Powershell CmdLets

Powershell is a powerful language and can be used in several situations.
One of these situations is the deployment process (continuous delivery). It is also integrated in several systems, f.e. NuGet. NuGet uses powershell for post package installation processing.

I use powershell for the following cases (in continuous delivery):

  •  Replace/rename config files
  • Replace variables in config files
  • Call/Post to webservices
  • Run SQL commands

Note: External Modules need to be imported for calling webservices and running SQL commands. This can be done by calling the Import-Module CmdLet.

Powershell can be used as scripting language, but you can also create CmdLets. These commands can be invoked from the command line in the powershell environment.

CmdLet

A CmdLet is a command which can be called from the powershell command line.

Cmdlets are created by inheriting your class from Cmdlet.
This is available in the System.Management.Automation namespace.

CmdLets use the Verb-Noun naming convention. The Verb and Noun are provided as argument in the CmdLet attribute which decorates your CmdLet class.
The VerbsCommunications class comes with the following fields:

  • Connect
  • Disconnect
  • Read
  • Receive
  • Send
  • Write

You are not restricted to these Verbs, you can also use custom Verbs.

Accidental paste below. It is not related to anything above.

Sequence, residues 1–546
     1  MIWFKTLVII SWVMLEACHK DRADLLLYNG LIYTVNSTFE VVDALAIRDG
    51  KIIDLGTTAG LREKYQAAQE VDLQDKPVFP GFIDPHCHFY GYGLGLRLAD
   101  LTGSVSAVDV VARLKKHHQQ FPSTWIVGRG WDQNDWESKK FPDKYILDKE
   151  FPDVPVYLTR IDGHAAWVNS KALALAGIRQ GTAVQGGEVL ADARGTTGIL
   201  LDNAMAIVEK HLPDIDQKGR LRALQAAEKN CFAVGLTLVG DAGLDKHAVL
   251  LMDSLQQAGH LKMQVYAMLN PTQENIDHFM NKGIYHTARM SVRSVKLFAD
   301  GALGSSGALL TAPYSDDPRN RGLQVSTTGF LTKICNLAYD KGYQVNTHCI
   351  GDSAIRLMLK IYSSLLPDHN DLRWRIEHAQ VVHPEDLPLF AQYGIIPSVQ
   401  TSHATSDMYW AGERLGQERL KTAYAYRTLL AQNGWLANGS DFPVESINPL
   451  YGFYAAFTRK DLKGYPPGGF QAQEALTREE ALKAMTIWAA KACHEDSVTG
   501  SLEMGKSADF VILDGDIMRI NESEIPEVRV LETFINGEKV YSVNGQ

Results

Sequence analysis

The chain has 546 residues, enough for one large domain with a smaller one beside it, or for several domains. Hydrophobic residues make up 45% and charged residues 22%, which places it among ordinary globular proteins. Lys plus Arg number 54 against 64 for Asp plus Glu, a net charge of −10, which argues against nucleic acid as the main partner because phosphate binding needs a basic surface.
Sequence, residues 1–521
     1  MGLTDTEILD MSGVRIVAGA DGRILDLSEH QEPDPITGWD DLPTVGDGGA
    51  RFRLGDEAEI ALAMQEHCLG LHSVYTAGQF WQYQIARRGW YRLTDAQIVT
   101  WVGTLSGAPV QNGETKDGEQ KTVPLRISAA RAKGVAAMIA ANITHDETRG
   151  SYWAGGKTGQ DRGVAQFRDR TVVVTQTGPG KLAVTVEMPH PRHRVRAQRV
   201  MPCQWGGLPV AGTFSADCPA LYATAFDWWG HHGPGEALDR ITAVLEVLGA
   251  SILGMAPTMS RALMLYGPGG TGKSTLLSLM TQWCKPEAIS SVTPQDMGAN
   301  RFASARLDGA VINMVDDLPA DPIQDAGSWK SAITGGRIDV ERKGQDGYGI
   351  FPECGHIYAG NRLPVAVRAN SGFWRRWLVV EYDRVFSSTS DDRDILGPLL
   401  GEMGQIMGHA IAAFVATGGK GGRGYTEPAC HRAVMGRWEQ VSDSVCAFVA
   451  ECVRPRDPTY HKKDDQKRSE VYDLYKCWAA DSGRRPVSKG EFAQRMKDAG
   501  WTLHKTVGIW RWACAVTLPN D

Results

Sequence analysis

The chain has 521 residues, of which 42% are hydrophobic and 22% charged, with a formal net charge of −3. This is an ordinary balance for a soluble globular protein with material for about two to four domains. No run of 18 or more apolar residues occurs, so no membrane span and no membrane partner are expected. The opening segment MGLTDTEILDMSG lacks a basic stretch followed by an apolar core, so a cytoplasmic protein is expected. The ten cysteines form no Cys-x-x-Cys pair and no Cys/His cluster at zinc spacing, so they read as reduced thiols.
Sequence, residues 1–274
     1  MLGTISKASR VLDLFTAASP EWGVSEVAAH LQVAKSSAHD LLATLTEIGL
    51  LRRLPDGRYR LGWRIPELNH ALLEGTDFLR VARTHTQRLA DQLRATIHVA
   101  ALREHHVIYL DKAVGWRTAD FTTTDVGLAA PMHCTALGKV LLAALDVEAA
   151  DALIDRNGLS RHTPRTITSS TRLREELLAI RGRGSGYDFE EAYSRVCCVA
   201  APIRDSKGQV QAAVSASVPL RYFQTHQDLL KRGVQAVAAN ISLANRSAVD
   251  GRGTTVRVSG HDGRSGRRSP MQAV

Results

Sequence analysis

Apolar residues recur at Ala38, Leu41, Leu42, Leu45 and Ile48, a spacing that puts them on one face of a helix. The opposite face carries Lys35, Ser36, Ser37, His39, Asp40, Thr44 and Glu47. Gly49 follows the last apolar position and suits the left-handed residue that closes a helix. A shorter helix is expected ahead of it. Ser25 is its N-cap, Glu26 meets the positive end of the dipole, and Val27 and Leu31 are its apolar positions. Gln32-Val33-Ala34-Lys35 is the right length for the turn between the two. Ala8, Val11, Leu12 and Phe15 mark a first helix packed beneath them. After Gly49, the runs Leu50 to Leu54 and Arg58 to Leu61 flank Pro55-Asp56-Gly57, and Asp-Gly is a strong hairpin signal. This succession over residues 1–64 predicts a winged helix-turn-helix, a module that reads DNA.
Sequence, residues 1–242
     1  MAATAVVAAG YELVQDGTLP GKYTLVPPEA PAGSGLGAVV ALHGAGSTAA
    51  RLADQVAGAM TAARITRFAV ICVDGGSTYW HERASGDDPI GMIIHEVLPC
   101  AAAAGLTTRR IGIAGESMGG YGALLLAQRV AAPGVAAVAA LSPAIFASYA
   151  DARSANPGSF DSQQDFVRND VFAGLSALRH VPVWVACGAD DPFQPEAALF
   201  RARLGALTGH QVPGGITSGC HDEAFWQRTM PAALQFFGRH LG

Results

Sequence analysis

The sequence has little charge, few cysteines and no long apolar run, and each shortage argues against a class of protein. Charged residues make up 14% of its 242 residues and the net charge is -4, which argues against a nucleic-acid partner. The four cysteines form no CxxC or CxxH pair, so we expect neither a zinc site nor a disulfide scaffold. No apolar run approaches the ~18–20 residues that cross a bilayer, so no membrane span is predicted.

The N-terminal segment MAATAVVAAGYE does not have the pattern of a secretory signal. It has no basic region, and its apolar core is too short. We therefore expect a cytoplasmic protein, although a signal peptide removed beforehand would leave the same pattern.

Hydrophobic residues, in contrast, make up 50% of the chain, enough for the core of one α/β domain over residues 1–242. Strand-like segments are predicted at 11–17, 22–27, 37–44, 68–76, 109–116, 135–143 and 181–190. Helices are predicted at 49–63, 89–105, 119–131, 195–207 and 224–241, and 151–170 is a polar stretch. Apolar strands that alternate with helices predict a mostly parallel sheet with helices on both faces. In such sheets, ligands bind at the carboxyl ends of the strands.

The ProcessRecord method is called. The method is called for every item in the pipeline.

[Cmdlet(VerbsCommunications.Send, "Greeting")]
public class SendGreetingCommand : Cmdlet
{
	[Parameter(Mandatory=true)]
	public string Name { get; set; }

	protected override void ProcessRecord() 
	{
	      WriteObject("Hello " + name + "!");
	}
}

This CmdLet example can be called from powershell command line as follows:

Send-Greeting –Name "Vincent" // Outputs: Hello Vincent!

Command line arguments are automatically bound to properties which are decorated with the Parameter attribute. Parameters are mandatory when the Mandatory argument of Parameters are set to true.

Maybe it’s interesting to know that the package manager console in Visual Studio also uses powershell and commands like Add-Migration and Update-Database are all CmdLets.

So if you haven’t given powershell a try, you really should!

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I'm a software developer from Utrecht. Interested in DDD, continuous delivery, new technologies & frameworks.

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